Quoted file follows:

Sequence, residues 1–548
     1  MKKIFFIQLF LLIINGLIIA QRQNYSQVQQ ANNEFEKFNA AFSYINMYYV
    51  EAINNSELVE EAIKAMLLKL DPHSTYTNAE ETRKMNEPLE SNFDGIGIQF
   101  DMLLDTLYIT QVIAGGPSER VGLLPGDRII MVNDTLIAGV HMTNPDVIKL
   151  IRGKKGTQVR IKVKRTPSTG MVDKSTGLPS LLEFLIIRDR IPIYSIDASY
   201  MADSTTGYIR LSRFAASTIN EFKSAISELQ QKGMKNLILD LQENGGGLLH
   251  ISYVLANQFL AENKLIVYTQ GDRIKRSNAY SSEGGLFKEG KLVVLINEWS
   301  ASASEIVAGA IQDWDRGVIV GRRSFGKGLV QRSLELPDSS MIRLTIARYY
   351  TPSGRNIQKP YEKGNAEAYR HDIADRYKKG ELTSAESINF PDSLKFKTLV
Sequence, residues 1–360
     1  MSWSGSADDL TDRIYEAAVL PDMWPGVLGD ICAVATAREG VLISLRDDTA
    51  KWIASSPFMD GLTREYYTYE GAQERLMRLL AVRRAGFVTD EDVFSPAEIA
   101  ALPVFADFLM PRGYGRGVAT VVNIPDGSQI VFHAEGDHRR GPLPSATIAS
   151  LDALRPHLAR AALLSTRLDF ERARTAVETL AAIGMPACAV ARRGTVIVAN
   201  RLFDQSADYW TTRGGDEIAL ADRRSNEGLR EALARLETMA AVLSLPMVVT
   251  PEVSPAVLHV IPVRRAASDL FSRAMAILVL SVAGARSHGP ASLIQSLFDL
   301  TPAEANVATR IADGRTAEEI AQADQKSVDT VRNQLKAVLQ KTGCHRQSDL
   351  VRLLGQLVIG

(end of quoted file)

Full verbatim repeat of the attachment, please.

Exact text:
Sequence, residues 1–548
     1  MKKIFFIQLF LLIINGLIIA QRQNYSQVQQ ANNEFEKFNA AFSYINMYYV
    51  EAINNSELVE EAIKAMLLKL DPHSTYTNAE ETRKMNEPLE SNFDGIGIQF
   101  DMLLDTLYIT QVIAGGPSER VGLLPGDRII MVNDTLIAGV HMTNPDVIKL
   151  IRGKKGTQVR IKVKRTPSTG MVDKSTGLPS LLEFLIIRDR IPIYSIDASY
   201  MADSTTGYIR LSRFAASTIN EFKSAISELQ QKGMKNLILD LQENGGGLLH
   251  ISYVLANQFL AENKLIVYTQ GDRIKRSNAY SSEGGLFKEG KLVVLINEWS
   301  ASASEIVAGA IQDWDRGVIV GRRSFGKGLV QRSLELPDSS MIRLTIARYY
   351  TPSGRNIQKP YEKGNAEAYR HDIADRYKKG ELTSAESINF PDSLKFKTLV
Sequence, residues 1–360
     1  MSWSGSADDL TDRIYEAAVL PDMWPGVLGD ICAVATAREG VLISLRDDTA
    51  KWIASSPFMD GLTREYYTYE GAQERLMRLL AVRRAGFVTD EDVFSPAEIA
   101  ALPVFADFLM PRGYGRGVAT VVNIPDGSQI VFHAEGDHRR GPLPSATIAS
   151  LDALRPHLAR AALLSTRLDF ERARTAVETL AAIGMPACAV ARRGTVIVAN
   201  RLFDQSADYW TTRGGDEIAL ADRRSNEGLR EALARLETMA AVLSLPMVVT
   251  PEVSPAVLHV IPVRRAASDL FSRAMAILVL SVAGARSHGP ASLIQSLFDL
   301  TPAEANVATR IADGRTAEEI AQADQKSVDT VRNQLKAVLQ KTGCHRQSDL
   351  VRLLGQLVIG